Medicinal and surgical approaches to hair loss aren't for everyone; for a start they don't work in every case, and it isn't everybody who wants to (or can afford to) go 'under the knife' or commit themselves to long term drug use. If you fall into this category - don't worry; today there are plenty of cosmetic treatments on the market.
Hairpieces have come such a long way over the past decade that the manufacturers' decided they deserved to be re-named; wigs and toupees have been consigned to the history books and superseded by 'replacement hair systems'. The results are much more convincing, and if fitted and looked after properly will be virtually undetectable.
A tailored hair system will undoubtedly be the most natural looking and is also likely to be more comfortable. Comfort is always a big issue, but finding the best way to wear your hair system is often a matter of trial and error. Popular methods of attachment include; micro-clips, tape, weaving and bonding (which involves using a medical adhesive that lasts for up to six week and has the advantage of staying on 24/7, even in the bath or shower). If your hair is thinning diffusely then 'hair integration' might be the answer - where remaining hair is drawn through holes in a cap to blend in with new hair.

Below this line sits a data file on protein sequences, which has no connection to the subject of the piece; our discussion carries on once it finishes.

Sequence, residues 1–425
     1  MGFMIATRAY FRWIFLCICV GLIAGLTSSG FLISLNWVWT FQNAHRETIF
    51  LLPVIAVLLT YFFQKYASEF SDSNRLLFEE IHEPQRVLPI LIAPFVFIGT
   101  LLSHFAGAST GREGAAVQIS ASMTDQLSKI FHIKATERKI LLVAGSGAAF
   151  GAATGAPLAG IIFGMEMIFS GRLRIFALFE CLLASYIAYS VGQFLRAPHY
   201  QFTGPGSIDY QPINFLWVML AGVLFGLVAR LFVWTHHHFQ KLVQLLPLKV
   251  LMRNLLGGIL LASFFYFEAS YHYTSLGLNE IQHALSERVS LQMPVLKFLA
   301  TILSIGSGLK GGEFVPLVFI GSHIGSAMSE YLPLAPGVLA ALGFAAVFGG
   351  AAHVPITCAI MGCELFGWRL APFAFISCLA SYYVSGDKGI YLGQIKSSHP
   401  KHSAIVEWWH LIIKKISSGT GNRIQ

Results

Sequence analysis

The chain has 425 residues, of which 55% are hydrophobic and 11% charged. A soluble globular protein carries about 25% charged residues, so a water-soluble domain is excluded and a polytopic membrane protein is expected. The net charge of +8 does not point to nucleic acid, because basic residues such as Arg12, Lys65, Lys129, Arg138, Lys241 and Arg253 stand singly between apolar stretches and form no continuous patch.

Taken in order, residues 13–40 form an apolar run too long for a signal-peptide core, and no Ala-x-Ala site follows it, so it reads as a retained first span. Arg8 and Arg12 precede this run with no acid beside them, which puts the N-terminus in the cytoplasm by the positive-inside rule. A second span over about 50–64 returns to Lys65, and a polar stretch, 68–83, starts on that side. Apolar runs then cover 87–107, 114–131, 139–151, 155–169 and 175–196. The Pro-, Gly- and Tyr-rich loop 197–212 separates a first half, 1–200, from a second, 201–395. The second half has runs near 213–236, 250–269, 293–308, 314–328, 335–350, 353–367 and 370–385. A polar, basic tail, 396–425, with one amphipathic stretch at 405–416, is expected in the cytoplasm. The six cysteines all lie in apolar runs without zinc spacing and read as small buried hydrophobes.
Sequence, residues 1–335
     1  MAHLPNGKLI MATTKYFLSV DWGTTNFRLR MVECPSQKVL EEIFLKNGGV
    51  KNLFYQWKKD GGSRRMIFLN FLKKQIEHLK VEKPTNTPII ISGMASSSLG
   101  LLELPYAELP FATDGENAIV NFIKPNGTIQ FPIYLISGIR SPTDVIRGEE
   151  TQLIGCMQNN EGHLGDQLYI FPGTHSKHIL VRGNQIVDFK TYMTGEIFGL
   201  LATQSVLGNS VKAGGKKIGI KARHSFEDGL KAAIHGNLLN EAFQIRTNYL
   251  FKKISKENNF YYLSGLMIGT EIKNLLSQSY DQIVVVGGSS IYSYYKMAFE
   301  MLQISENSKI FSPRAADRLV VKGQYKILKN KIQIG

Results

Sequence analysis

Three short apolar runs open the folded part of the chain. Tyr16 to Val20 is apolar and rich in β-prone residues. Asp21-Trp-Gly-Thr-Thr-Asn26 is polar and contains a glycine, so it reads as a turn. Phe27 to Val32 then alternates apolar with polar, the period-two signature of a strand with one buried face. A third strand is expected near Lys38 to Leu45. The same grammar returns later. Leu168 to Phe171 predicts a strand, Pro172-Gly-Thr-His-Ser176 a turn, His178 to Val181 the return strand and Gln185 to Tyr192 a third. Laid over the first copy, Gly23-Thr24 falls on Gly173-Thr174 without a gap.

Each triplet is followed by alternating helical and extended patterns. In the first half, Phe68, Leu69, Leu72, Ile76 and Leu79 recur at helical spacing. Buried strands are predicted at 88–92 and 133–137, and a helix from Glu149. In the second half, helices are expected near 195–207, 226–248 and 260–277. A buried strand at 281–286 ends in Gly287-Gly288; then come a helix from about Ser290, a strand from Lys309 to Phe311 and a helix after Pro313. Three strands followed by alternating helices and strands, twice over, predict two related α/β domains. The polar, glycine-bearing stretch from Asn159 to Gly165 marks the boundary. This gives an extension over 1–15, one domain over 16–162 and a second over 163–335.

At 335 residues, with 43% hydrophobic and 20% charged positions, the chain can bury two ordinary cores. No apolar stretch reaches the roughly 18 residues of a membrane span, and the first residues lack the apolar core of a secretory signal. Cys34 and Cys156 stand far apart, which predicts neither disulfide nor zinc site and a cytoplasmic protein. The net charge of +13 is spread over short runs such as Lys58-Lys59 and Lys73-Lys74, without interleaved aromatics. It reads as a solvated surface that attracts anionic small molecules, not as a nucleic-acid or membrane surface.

Hair loss help also comes in the guise of 'cosmetic concealers', which is an umbrella term covering a number products designed to camouflage hair loss. They work in a variety of ways, from creams that colour the scalp (to reduce the contrast between the hair and scalp), to keratin based sprays designed to thicken thinning hair. At the risk of stating the obvious it's worth pointing out that 'concealers' simply mask hair loss, rather than addressing it directly.
Perhaps the first most common first line of defence is to get creative with you hairbrush. Anyone who remembers England 's World Cup victory in 1966 will know that there's a right and a wrong way to go about it. Captain Bobby Charlton's fancy footwork may have fooled the German defence, but his swept-over rug wasn't kidding anyone about the state of his hairline. Often it's much better, and less obvious, kept short.